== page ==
Shane Jones is defending Immigration New Zealand (INZ) after it instructed officials to stop granting visas as an exception to instructions, which had become "standard practice".
The New Zealand First MP said he is "worked up" over the "elevated sense of entitlement from a lot of immigrant leaders", after some in New Zealand's Indian community spoke out against the tightening of the rules.
INZ's Peter Elms said officials must now "ensure immigration instructions are adhered to, unless there are circumstances in the particular case that warrants a waiver or exception to instructions".
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The directive has led members of the Indian community in New Zealand to speak out, saying the current partnership visa rules disadvantage those who come from cultures that practice arranged marriages.
The New Zealand Association for Migration and Investment is concerned about the rules requiring people to live together for a significant period of time before a spouse can be brought to New Zealand under the visa.
You must be able to show us that you're living together in a genuine and stable relationship before INZ can grant a visa based on partnership, the rules state.
But that doesn't work for people who don't live together before marriage, which is often the case with arranged marriages where it's tradition for the couple to live together only once they're married.
Jones, a Cabinet minister, told Magic Talk Indians moving to New Zealand should learn to adapt. He likened it Māori, who "adapted with the arrival of the Pākehā".
He said if Indians feel it's too oppressive, "you always have the option of staying in your own country, marrying a lady over there, living there for two or three years, and then proving it's a genuine marriage... That option is always available".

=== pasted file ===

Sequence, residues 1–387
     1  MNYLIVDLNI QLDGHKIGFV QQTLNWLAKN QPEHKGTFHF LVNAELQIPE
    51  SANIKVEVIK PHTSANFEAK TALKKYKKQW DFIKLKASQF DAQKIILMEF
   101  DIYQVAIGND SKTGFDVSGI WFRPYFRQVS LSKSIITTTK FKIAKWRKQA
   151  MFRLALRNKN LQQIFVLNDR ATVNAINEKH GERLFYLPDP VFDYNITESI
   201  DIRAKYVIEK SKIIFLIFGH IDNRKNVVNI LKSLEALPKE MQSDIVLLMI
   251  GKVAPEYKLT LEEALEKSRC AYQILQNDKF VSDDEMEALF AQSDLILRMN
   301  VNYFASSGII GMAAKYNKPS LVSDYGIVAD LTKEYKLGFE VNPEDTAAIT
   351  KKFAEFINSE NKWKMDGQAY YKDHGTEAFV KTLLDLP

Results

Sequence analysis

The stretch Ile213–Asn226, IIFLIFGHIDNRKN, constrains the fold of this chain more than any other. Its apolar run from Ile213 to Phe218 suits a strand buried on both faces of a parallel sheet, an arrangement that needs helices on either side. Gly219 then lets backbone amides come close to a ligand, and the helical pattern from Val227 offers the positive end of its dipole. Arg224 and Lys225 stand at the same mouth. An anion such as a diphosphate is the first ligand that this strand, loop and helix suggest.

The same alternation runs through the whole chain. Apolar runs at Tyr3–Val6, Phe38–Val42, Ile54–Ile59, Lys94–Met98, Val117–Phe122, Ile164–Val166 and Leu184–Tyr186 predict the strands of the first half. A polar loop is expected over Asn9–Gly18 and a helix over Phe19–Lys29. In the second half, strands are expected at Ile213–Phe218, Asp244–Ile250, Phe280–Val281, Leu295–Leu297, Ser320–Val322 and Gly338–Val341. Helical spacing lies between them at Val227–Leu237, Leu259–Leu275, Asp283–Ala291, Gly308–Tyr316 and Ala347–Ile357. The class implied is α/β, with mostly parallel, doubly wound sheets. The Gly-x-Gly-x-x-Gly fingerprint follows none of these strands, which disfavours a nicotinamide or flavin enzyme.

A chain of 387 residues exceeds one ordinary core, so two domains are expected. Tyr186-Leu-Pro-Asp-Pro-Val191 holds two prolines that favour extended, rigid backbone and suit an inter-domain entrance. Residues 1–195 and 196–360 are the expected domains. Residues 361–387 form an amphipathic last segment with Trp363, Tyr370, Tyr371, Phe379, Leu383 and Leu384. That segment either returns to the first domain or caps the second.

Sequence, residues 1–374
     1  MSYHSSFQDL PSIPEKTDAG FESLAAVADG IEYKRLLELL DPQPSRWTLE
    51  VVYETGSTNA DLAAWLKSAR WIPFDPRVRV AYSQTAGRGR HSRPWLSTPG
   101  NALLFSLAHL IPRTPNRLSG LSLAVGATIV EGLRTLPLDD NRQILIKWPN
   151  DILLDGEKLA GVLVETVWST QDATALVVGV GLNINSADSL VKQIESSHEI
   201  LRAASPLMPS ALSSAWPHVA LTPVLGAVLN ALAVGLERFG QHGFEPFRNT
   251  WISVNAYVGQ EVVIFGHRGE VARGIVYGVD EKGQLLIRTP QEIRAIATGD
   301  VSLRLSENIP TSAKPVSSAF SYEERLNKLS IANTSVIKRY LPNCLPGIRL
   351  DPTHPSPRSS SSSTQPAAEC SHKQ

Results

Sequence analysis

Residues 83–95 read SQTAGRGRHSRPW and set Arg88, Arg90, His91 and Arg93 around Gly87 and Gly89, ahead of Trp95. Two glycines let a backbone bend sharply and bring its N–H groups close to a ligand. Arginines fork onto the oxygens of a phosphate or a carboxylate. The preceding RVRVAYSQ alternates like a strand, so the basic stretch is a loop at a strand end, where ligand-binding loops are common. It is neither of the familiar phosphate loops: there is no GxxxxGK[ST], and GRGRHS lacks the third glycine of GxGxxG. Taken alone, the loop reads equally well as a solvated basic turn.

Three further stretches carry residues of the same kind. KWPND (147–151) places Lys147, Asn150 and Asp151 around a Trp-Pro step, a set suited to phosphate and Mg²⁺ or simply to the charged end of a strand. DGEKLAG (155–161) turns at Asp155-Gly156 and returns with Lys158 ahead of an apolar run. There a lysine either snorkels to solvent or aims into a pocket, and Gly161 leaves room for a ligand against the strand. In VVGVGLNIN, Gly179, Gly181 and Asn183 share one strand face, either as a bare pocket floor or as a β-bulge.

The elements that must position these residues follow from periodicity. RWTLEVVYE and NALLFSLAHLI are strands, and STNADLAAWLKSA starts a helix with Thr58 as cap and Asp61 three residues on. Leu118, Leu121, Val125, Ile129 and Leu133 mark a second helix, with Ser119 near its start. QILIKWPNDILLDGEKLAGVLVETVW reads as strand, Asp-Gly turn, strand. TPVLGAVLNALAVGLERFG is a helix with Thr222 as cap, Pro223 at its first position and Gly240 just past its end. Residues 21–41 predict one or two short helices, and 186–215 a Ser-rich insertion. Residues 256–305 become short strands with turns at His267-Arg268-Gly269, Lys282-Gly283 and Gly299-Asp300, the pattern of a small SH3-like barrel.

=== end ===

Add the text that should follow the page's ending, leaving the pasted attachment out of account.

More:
Auckland Indian Association president Narendra Bhana told RNZ he felt immigration officials had "failed to understand" the cultural differences between India and New Zealand.
Jones told Magic Talk he gets "a bit worked up by the elevated sense of entitlement from a lot of the immigrant leaders" and urged them to not "abuse" the "privilege" that INZ grants.
"I thoroughly back the immigration officials - they've got a shocker of a job and there's still a lot of discontent about how we're operationalizing the changes to immigration policy."
Associate Immigration Minister Poto Williams noted the Government's policy hasn't changed, and that INZ has made "some slight operational changes".
"As far as I understand, operationally Immigration New Zealand rules do allow for arranged marriages to occur because we understand that one of the considerations is that it's a bona fide relationship," she told Newshub.
Immigration policy does allow for the granting of a visitor visa for a culturally arranged marriage for people intending to marry New Zealand citizens or residents.
National's immigration spokesperson Stuart Smith questioned Williams in Parliament on Thursday about comments Jones had made on the topic.
Jones told RNZ the Indian community has "no legitimate expectations in my view to bring your whole village to New Zealand and if you don't like it and you're threatening to go home - catch the next flight home".
Williams said she has no ministerial responsibility for Jones, but said she would "note that New Zealand welcomes people from all countries".
"We have a rules-based immigration system and a great country to live in - that means we can't take all the people who want to come to New Zealand.
"We do recognise that partnership visas are important because we recognise their importance to people's partners and to their wellbeing and their happiness and settlement."
Elms acknowledged to Newshub that the new directive has "reset an expectation that had developed, in the Indian market in particular".
"The expectation was that if partnership requirements are not met, applications will likely be granted a general visitor visa in order to reunite with their partner and test living together requirements onshore."
He said INZ is "mindful of cultural complexities and sensitivities" when dealing with visa applicants, but felt the organisation "must observe immigration policy as set by the Government".